Don’t believe everything you think: cognitive dissonance

Reblogged on:

Comment: Oh if only the electorate used critical thinking to make informed decisions about who to vote for!

I found the ‘cognitive dissonance’ addressed in this article very interesting; being an ex Jehovah’s Witness, I can attest that this is what happens to them, they ignore the corruption within their society as a result. Towards the end of my association with them, I was coming out of meetings in tears, and I didn’t understand why. I now know that the ‘cognitive dissonance’ in my consciousness was breaking down, and I was starting to see all of the discrepancies within that religion.

One can only hope that those who voted conservative go through the same process. One doctor, shocked at the extent of the impending pay cuts, admitted that they had voted Conservative. They’ve voted against their own interests, and now they are facing up to that, and joining the marches and other activists.

I said at the time, if a government would change policy such that it resulted in the deaths of vulnerable or poor people and left the rest in abject poverty, what would they do to those who weren’t vulnerable?

Finally, I must say however, that the same analysis shouldn’t just be for the party you oppose, but also the party you support. I hate to see bloggers who will blindly defend their party over certain matters, stifling debate and opinion, when the facts say otherwise.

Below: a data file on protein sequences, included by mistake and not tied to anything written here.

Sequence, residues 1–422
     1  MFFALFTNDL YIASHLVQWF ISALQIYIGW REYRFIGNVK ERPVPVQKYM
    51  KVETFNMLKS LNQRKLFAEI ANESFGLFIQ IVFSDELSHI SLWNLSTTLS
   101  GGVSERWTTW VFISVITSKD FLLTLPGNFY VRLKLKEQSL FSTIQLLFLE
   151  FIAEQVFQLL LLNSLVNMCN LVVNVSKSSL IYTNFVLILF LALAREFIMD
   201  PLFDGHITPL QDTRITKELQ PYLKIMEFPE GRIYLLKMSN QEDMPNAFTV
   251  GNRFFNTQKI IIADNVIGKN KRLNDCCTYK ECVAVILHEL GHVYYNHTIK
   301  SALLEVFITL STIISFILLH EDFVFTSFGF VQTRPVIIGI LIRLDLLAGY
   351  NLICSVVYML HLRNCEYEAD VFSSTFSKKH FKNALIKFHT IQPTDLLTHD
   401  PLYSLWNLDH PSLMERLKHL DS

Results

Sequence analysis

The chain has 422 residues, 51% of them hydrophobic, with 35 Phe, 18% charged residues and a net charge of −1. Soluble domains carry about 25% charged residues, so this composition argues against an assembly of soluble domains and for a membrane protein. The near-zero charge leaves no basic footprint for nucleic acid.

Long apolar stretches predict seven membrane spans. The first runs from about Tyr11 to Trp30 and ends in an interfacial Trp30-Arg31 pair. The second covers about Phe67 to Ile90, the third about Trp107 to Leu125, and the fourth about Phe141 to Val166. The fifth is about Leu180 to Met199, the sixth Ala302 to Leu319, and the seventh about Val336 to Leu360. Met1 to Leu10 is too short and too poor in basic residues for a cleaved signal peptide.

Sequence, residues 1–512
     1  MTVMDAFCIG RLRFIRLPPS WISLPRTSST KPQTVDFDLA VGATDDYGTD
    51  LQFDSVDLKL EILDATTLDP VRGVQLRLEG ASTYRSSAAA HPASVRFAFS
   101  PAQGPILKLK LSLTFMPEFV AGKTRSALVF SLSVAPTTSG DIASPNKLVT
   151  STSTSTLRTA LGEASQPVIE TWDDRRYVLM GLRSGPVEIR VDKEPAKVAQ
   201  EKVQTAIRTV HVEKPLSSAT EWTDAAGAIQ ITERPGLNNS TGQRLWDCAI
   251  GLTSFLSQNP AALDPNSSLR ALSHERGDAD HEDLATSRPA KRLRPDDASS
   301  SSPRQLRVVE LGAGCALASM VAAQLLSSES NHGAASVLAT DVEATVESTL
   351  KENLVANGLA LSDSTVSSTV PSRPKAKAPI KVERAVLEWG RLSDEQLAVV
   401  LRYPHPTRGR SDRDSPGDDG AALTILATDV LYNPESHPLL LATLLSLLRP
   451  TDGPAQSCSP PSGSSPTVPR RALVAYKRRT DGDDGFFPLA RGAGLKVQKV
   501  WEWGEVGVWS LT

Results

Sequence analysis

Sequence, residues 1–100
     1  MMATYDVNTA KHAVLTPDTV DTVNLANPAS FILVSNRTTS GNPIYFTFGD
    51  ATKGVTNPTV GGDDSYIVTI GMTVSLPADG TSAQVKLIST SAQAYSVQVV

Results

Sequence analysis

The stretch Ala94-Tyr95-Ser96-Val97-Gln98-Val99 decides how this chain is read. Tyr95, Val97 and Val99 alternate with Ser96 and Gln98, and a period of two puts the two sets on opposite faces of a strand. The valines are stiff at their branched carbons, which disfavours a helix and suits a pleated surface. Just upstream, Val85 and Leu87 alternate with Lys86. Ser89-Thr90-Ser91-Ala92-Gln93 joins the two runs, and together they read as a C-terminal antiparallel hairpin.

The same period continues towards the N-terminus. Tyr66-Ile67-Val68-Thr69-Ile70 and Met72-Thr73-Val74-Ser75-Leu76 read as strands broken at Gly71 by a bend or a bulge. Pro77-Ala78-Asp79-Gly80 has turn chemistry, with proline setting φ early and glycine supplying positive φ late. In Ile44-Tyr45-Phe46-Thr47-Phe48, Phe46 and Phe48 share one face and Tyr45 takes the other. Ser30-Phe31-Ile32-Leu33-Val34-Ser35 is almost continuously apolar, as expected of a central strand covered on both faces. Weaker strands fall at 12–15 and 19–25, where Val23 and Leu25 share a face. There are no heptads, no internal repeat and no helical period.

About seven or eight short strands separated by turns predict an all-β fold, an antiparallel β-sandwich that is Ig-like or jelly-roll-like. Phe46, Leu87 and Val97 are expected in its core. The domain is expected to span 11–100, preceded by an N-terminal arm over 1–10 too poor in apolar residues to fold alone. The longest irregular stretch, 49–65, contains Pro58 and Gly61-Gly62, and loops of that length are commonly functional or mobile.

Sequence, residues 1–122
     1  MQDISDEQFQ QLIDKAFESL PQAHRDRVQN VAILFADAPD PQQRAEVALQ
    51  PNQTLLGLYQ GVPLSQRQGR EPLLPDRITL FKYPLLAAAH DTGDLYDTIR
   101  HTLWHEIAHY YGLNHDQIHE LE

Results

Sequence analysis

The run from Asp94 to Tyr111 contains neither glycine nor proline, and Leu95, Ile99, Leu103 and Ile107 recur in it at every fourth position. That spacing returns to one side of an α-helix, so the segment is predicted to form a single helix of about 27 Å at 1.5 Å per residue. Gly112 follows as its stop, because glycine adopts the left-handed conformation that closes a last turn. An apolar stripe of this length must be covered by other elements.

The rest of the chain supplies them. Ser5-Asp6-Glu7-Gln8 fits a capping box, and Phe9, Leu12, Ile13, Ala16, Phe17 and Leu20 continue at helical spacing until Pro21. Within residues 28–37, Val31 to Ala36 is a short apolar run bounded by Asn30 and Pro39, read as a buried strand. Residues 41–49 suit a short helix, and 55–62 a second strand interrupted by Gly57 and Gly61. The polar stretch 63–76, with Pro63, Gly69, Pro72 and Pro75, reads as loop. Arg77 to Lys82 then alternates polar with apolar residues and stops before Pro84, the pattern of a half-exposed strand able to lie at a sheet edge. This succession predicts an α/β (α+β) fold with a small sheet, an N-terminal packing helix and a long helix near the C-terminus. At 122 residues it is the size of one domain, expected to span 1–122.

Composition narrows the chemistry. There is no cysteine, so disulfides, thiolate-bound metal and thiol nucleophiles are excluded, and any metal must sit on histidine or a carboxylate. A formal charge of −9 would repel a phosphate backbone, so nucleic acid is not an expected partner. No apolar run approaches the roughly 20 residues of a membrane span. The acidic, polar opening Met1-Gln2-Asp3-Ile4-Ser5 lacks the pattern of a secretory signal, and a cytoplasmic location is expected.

Politics and Insights


“Some things have to be believed to be seen.” – Ralph Hodgson

I’ve often thought that once people identify with a political party, there is a tendency to edit the world so that it conforms with their ideology. I suspect that exposure to more information about objective reality and politics doesn’t affect partisan bias because people tend to only assimilate those “facts” that confirm what they already believe. This is why many people become defensive, aggressive, incoherent and dogmatic when challenged with evidence that contradicts their fundamental world-view.

President Lyndon Johnson once said: It’s a heck of a lot easier to throw grenades than to catch them.

It’s the same with criticisms, especially those that challenge our cherished beliefs. I believe that critical thinking is a difficult and sometimes painful process. It requires facing often challenging and contradictory narratives about the fundamental nature of the world and ourselves, and evaluating…

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